Last week, I wrote about the various signs that a cat needs a veterinary check-up for more than an annual wellness visit.
The problem for some cat owners is that the cat may be resistant to getting into the carrier at home and out of the carrier at the doctor’s office. Here are some ways you can make veterinary visits easier on you and your cat:
- Use a top-loading carrier (like the one pictured), which is easy to get most cats in and out of.
- Let the cat play and nap in the carrier at home. You can make it more inviting by adding a blanket or a few treats. Do not close the cat inside the carrier right away, or it may not wish to get back in. Work up to closing the lid or the door, then locking them for a few seconds. Gradually extend the time your cat spends in the carrier with the doors locked.
- Reduce your cat’s stress in the car by using the carrier and taking shorter rides to places other than the veterinary clinic. (Note: do not leave your pet alone in the car, especially during hot or cold weather.)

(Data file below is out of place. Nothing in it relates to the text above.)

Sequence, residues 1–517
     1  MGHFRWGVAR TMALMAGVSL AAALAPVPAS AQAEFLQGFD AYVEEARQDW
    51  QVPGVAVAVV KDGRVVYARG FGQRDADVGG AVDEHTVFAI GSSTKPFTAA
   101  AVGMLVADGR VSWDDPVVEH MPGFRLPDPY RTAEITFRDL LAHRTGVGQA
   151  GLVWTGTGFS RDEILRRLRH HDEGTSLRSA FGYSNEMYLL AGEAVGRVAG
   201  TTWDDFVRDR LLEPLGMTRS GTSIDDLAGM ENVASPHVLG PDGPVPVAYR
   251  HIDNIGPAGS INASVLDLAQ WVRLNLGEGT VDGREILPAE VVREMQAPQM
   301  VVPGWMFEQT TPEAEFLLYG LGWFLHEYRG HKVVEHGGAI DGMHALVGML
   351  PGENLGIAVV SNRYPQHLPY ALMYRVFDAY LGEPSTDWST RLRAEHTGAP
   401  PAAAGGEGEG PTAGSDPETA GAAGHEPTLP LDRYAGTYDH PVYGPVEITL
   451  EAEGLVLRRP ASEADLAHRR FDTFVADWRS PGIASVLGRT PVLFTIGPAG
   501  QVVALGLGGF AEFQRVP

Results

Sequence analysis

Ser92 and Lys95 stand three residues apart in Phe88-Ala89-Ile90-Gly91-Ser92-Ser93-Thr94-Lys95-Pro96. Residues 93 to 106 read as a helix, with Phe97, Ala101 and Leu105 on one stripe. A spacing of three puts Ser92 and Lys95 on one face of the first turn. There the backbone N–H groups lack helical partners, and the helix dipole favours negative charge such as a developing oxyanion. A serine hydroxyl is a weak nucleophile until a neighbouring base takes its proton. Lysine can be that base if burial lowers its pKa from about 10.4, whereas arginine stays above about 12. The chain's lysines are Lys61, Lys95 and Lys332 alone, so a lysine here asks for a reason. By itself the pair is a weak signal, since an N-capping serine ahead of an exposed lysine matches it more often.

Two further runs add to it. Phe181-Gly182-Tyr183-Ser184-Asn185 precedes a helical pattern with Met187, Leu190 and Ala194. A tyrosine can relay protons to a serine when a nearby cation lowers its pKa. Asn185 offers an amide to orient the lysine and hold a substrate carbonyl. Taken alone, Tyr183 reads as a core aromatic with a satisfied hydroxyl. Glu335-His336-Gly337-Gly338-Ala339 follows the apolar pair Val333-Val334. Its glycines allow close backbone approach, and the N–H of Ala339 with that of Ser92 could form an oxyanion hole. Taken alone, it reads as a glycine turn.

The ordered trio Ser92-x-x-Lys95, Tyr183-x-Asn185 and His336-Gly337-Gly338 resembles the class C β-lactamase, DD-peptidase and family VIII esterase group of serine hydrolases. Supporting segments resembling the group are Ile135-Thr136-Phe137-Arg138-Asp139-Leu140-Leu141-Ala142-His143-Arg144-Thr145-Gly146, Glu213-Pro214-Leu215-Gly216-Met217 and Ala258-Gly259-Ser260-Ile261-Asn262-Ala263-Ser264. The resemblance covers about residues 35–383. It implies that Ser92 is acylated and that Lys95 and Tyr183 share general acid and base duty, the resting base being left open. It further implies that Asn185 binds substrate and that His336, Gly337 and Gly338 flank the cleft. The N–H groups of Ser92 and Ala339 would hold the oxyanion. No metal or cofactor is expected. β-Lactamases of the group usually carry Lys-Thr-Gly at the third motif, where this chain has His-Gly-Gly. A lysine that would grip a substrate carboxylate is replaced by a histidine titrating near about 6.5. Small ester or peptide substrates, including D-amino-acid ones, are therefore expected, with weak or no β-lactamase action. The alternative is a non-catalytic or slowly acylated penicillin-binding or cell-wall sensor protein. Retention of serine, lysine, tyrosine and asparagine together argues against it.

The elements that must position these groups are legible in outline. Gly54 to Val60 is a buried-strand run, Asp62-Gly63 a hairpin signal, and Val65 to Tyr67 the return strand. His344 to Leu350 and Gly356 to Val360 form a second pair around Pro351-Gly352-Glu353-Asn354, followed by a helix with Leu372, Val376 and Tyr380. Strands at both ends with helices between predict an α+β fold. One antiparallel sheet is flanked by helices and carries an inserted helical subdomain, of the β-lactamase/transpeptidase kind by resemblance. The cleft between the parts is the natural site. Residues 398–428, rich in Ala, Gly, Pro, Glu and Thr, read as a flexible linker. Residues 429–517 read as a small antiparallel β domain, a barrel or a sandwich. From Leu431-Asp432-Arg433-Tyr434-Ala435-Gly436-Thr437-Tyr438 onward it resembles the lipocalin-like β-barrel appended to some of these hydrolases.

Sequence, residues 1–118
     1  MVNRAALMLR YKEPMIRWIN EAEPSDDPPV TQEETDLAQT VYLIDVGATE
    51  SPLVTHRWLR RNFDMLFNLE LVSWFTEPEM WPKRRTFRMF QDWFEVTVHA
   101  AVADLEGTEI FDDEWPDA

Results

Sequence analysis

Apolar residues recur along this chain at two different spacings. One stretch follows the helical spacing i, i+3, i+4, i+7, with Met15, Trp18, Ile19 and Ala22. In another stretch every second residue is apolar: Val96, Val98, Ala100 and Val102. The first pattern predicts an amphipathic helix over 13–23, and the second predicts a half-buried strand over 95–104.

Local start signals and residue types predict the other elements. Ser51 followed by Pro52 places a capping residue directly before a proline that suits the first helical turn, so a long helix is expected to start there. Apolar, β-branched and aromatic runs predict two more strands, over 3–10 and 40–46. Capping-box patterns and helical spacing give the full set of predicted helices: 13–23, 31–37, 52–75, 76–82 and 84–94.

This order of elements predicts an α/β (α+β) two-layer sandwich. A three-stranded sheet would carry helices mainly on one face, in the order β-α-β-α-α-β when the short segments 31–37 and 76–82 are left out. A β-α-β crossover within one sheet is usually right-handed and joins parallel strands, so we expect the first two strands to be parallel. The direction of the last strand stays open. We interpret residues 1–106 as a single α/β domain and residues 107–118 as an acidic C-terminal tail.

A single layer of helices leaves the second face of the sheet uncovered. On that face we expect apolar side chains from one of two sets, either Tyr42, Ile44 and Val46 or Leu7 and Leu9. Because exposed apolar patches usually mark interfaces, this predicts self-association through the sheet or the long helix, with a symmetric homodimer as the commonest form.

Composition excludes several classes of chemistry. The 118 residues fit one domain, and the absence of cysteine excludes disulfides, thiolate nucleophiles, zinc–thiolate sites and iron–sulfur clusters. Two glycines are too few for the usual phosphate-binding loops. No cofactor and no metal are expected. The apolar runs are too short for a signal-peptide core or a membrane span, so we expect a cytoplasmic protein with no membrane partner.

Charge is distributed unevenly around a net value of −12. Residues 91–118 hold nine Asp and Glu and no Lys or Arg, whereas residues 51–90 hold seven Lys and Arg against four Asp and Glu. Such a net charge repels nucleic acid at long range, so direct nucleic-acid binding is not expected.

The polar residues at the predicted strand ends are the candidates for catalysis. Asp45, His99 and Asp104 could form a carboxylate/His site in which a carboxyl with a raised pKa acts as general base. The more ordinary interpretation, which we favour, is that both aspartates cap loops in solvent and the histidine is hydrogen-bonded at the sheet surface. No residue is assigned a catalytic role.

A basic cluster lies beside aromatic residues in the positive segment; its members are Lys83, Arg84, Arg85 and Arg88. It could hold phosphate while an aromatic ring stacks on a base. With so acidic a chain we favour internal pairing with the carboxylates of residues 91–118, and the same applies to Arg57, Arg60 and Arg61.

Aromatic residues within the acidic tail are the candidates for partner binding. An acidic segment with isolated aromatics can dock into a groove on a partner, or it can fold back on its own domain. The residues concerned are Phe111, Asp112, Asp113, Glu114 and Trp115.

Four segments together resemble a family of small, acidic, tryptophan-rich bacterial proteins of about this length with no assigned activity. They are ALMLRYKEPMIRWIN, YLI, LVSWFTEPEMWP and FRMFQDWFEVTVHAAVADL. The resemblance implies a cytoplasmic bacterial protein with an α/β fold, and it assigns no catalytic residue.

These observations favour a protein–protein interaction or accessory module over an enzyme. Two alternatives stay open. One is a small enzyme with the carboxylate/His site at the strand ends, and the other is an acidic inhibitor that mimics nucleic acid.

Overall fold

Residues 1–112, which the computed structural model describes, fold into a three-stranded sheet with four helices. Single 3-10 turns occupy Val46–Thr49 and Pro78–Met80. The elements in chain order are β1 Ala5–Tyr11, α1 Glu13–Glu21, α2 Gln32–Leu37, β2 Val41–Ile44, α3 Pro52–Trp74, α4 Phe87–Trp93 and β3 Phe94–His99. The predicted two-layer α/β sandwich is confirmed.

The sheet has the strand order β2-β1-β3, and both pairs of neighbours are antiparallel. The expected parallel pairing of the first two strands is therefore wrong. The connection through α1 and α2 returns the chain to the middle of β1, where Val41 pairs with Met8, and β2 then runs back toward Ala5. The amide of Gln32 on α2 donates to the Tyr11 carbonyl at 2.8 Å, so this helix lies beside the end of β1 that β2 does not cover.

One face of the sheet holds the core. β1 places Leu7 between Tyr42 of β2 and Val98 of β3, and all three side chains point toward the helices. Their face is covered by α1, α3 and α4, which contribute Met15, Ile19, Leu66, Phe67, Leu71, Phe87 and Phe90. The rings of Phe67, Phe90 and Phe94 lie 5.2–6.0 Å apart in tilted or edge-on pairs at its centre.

- Spray Feliway (a synthetic calming pheromone) inside the carrier and on a towel. Then drape the towel over the carrier in the car (if the car is not too hot) and at the doctor’s office.
- Avoid feeding your cat for several hours before riding in the car. (Cats travel better on an empty stomach.)
- Bring your cat’s favorite treats and toys with you to the veterinary clinic.
- Practice regular care routines at home, like grooming, nail trimming, and teeth brushing.
- Pretend to do regular veterinary procedures with your cat, like touching the cat’s face, ears, feet, and tail. [Note: if the cat is feral and not vaccinated for Rabies, this is not advised.]
- Give your cat and the veterinary healthcare team a chance to interact in a less stressful situation by taking your cat to the clinic for a weight check, rather than only for exams and procedures.
These tips are borrowed from the brochure, “Have We Seen Your Cat Lately?,” available at our office.